Baltimore County Council Chairman Signals Eagle Transfer Station Will Be Approved


A resolution that would upend more than 50 years of public waste management in Baltimore County is set to go to county council next Tuesday.

And after hearing politically connected support for the proposal, Chairman Julian E. Jones signaled Tuesday that lawmakers were ready to approve the first privately-run waste transfer station.

Jackson “Jack” Haden, who operates J&J Trash, is seeking an amendment to the county’s current solid waste management plan to permit his Eagle transfer station.

Will Baltimore County finally say enough is enough? (08/27/22)

The amendment (resolution 26-22) would allow him to build the station on two acres of land in Eastern County and ship the garbage to out-of-state landfills in railcars.

The drink reported that the project — rejected by the Office of Solid Waste Management — was revived after Haden hosted a private fundraiser for County Executive Johnny Olszewski.

Olszewski, who is running for re-election, denies that fundraising influenced his administration’s decision to push for the transfer station.

“There is no connection between any political activity and the government,” he told Fox45 News.

Flyer for the June 2021 fundraiser sponsored by Jack Haden, who raised about $30,000 for Olszewski, who is running for re-election in next month’s Democratic primary.

“I can’t thank you enough”

Currently, residential trash is handled by three county-owned transfer stations, which charge an $8-a-ton “dump fee” to private haulers who pick up garbage from residents.

Jones started the discussion by saying, “I’ve heard a lot. I have read many things. I have three questions: why do we want to approve a [private] transfer station? Why do we want to endorse Eagle while others are denied? And why do we have to do it now? »

His seemingly critical tone changed after the Council received a phone call from Haden.

The Carroll County resident described himself as a “hometown boy” who is clashing with “national Wall Street corporations” who want him out of business.

“I work today as a civil servant,” Haden began. “I have a good reputation. I don’t consider myself a trash mogul, as I’ve recently been portrayed. I have done a good job hauling trash around my community and hometown.

“I now work as a civil servant. I don’t consider myself a thrash mogul, as I’ve recently been portrayed” – Jack Haden.

He told Councilman Todd Crandell, who represents Dundalk, that the Eagle Transfer Station, which will be located along Rolling Mill Road and Canton Railroad, would be ‘unobtrusive’ and not disrupt nearby communities with lorry traffic excessive.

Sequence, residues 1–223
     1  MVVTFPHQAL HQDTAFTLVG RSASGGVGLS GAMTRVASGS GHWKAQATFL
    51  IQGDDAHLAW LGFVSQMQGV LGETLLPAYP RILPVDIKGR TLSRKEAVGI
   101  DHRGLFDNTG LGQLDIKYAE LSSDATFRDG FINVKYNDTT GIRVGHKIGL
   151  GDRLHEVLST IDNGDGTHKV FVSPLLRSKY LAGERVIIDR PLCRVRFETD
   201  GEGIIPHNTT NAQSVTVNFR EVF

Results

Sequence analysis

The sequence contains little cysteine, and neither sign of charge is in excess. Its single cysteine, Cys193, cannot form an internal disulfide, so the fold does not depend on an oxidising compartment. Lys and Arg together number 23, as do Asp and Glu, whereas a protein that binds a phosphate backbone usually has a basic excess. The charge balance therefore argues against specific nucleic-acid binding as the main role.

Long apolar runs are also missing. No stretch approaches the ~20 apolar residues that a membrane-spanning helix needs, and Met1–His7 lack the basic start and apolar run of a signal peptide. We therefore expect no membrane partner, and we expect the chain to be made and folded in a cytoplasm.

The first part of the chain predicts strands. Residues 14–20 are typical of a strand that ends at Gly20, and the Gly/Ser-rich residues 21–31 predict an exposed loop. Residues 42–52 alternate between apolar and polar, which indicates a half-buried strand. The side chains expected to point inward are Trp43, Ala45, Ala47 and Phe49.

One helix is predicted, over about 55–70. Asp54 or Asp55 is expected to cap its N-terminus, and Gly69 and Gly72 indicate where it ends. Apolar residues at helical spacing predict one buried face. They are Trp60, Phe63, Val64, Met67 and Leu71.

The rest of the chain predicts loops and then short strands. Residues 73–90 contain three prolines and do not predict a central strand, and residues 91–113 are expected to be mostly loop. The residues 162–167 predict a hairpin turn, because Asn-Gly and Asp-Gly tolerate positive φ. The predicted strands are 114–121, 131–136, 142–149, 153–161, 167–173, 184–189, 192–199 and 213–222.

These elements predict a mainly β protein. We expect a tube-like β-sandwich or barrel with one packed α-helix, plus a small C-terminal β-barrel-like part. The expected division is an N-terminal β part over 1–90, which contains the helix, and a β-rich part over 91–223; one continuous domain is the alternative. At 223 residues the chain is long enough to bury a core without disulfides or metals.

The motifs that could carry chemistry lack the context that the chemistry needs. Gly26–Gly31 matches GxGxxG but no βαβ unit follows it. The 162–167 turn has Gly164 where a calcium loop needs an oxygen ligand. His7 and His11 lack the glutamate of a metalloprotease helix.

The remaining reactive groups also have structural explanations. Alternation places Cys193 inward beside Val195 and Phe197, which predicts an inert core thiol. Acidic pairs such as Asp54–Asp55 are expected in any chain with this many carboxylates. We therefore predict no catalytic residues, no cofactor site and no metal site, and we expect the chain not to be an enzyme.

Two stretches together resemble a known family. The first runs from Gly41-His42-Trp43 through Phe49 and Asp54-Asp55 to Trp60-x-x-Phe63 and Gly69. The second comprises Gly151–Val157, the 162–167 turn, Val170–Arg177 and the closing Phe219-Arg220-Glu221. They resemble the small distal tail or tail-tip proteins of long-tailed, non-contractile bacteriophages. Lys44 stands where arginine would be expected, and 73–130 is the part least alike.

Seizing his assurances – Haden has not yet produced any drawings or technical reports of the proposed station – Jones indicated that the Board was ready to approve the amendment during its July 5 voting session.

“I think you bring a very unique perspective and were extremely helpful tonight,” Jones said. “I can’t thank you enough for calling and shedding some light on this issue.”

Seconded by Middle River Councilor Cathy Bevins, the Council Chair concluded the discussion by saying, “I think we all support the local team every day!

Baltimore County Council Speaker Julian Jones and County Executive Johnny Olszewski at a tree planting event in Randallstown.  (Facebook)

Baltimore County Council Chairman Julian Jones with Johnny Olszewski at an April tree planting event in Randallstown. (Facebook)

“Talk to Johnny One-on-One”

The Office of Solid Waste Management “deprecated” Haden’s proposal in early 2021, saying it was both unnecessary (because the county has excess capacity to transfer waste) and expensive (denying the county approximately $1.4 million annual “dumping fee”).

But the proposal was revived after Haden orchestrated the June 12, 2021 fundraiser, which The beverage reported to have raised at least $27,000 for Olszewski.

In an email to fellow waste haulers, Haden called the occasional fundraiser “talking to Johnny one-on-one” and said he’d be happy to “pick up a check.” for the county executive if the donor did not wish to make an online payment.

A day after the fundraiser, D’Andrea Walker, acting director of Public Works and Transportation, began pressuring the Office of Solid Waste Management to reconsider Haden’s plan. Several emails from Walker and other administration figures noted that the review was of great interest to the “CA” (county executive).

“There’s nothing that says you have to approve it now. If you don’t want to approve it, no harm, no fault” – D’Andrea Walker, Director of Public Works.

During Tuesday’s business session, Councilman Tom Quirk questioned why it was so ‘urgent’ to pass resolution 26-22 ‘given we have so much more capacity available than Eagle Transfer Station. could not bring online”.

Walker acknowledged there was no real urgency.

“There’s nothing that says you have to approve it now. A request has arrived. We have examined it. We could use an alternative method to move the garbage. But if you don’t want to approve it, no harm, no fault,” she told the Council.

After Haden’s presentation, Crandell was silent and Quirk thought “questions lead to more questions”, confusing him further.

The resolution is put to the vote at the July 5 Council meeting.


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